I have just finished three months with EHRA and cannot imagine going home and leaving this place. I was also here for a month last year as a volunteer, and was lucky enough to be given the opportunity to come back as EHRA’s volunteer assistant, something I highly recommend to all past volunteers.
The two weeks just gone was my last trip, so I felt a bittersweet mix of emotions—excitement to be back out in the bush and grim preparation to leave base camp and say my goodbyes. Still, it was an amazing trip. On build week we made fantastic progress finishing a monster wall that we had started on the trip before, and even having a whole extra day spare to begin the next one. I won’t lie, build week is hard, dirty work but always fun and highly enjoyable. Basic living and manual labour must do something for the soul, enhanced further by working alongside some truly great, diverse and interesting people. I love the fact that a single common passion can bring together such different people from such different worlds, and build week is where discovery of peoples’ stories, strengths and senses of humour really happens.
Cooking and eating around a campfire each night never loses its charm, nor does lying in a sleeping bag under a blanket of African stars that need to be seen to be believed. Shooting stars are no rarity here either, and you’re likely to lose count as you drift off to sleep. Being woken up the next morning with a hot cup of tea in bed, brought to you by fellow volunteers on breakfast duty bookends a perfect sleep—and is undoubtedly now my favourite way to wake up.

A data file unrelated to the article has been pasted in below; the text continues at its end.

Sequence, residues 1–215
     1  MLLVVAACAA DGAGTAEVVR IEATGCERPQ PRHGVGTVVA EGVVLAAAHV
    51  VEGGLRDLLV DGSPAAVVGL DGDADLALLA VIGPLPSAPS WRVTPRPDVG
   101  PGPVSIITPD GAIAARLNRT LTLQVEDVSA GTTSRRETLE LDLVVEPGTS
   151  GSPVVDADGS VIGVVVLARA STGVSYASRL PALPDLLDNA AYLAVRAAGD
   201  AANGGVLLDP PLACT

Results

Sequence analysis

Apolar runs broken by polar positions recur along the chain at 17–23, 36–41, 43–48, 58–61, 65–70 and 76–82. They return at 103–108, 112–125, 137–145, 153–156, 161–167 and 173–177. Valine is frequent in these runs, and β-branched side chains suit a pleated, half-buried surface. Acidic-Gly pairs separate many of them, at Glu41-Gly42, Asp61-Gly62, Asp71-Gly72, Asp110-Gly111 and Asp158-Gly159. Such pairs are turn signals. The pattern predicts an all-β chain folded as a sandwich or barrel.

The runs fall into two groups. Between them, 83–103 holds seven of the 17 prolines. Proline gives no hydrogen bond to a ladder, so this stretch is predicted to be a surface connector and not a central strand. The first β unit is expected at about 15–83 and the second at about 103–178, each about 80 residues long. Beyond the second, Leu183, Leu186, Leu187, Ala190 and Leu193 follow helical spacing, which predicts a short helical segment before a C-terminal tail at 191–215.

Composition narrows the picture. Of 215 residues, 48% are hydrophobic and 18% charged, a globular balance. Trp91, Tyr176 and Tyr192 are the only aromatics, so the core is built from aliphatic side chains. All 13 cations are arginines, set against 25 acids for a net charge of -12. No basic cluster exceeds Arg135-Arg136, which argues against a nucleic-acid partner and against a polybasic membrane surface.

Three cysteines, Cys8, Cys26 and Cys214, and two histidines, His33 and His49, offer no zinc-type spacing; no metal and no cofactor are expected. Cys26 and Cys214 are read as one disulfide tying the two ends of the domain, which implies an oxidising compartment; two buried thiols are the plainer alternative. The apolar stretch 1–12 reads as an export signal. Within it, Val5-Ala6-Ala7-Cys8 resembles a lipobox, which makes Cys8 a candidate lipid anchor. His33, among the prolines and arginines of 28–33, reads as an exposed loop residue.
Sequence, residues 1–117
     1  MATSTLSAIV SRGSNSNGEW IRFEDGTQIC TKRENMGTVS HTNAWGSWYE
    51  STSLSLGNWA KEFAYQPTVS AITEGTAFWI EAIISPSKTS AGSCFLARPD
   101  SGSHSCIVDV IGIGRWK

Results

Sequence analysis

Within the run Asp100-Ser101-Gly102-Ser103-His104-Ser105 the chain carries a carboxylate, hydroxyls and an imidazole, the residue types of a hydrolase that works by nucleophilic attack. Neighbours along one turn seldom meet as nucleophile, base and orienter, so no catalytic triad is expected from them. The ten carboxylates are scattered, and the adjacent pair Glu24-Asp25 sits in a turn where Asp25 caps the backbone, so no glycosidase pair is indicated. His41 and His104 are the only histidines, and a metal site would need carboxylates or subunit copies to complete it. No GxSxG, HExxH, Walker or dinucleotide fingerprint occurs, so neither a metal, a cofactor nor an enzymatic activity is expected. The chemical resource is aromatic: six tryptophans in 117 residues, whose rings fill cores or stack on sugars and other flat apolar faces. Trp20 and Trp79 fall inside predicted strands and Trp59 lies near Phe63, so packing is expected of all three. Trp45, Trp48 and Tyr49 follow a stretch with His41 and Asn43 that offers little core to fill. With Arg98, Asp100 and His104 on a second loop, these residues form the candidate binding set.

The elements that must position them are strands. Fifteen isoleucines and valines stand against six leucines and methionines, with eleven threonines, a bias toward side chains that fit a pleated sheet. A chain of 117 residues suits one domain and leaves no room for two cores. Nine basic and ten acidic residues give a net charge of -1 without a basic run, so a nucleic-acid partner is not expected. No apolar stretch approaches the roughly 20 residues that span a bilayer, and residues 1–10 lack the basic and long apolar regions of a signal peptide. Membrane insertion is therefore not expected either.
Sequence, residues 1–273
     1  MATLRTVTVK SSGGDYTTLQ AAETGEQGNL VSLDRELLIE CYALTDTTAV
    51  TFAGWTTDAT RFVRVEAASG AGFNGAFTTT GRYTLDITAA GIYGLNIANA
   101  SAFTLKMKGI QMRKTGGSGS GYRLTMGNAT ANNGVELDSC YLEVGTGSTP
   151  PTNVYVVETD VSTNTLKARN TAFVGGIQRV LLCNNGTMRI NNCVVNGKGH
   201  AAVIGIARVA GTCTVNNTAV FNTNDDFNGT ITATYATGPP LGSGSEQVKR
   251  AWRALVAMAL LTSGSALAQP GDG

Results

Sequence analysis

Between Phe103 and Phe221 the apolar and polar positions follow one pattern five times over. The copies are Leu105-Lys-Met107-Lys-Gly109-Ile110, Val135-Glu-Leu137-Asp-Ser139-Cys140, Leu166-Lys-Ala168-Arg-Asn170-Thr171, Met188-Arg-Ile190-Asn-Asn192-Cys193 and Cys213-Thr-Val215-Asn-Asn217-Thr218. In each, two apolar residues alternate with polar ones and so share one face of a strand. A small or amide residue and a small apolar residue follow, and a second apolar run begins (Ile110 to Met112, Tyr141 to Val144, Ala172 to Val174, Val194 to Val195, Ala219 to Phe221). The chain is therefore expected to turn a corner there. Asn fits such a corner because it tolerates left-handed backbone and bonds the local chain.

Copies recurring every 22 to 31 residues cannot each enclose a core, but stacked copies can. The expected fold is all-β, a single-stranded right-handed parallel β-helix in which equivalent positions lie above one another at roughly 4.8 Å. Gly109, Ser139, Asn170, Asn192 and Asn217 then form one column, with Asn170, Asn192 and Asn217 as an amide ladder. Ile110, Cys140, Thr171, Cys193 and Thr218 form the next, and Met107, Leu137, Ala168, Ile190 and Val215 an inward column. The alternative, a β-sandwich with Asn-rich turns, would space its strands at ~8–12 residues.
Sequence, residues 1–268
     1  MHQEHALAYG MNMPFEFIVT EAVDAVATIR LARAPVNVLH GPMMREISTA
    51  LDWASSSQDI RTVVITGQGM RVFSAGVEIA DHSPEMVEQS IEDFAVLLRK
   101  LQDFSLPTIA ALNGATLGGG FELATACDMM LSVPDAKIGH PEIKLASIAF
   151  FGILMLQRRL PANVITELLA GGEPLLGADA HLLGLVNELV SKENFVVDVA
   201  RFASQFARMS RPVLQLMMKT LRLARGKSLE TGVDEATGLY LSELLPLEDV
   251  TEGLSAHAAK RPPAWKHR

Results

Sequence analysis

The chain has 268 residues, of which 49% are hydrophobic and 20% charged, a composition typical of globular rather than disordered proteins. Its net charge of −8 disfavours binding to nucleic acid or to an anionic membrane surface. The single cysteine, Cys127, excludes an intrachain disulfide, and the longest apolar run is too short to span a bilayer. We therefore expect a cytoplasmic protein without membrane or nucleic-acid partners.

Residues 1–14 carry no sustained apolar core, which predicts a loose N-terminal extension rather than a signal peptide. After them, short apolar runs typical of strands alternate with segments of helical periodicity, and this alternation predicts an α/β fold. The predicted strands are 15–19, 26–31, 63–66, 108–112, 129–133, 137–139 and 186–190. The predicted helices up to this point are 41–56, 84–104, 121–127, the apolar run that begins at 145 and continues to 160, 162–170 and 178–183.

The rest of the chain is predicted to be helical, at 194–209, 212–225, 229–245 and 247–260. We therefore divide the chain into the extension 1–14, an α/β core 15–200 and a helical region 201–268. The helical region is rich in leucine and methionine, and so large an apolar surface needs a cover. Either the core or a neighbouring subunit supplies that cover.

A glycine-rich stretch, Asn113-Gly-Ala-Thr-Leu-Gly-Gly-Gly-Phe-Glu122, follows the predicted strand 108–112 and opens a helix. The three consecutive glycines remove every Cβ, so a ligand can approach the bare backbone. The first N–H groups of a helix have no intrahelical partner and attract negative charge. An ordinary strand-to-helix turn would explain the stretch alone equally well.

The weekend is spent at EHRA’s beautiful and nothing short of amazing base camp. And as if that is not reward enough for back-breaking build week efforts (a shower in the stunning clay-walled showers set in the side of a rocky hill at base camp is all the reward I need!) Monday morning sees us setting off to track elephants and camp in the wild for four days.
We were lucky this past patrol week to have both EHRA’s genius trackers with us and we were soaked with information about the bush, plants and wildlife and the techniques used to track the giants we are all here for. After a morning following a trail of fresh dung (demonstration of which is always a laugh!) and impressively massive fresh tracks we found the bravely small ‘Ugab small’ herd, just three adult cows strong with a two-year-old juvenile in tow, with Cheeky the bull never far away this week either. On our final day of patrol we were treated to the sight of Mama Afrika herd—14 adults strong, with three tiny babies all born in past 12 weeks— heading down the dry Ugab River bed towards us.
There are so many unforgettable moments to experience on an EHRA trip; combine them all and it is easy to see why so many volunteers, me included, will say without hesitation that volunteering with EHRA is life-changing. The bush, the people, the elephants and the sense of self that I have discovered here will remain with me for life. And I know that while I may have had to say my goodbyes this time, I will definitely be back.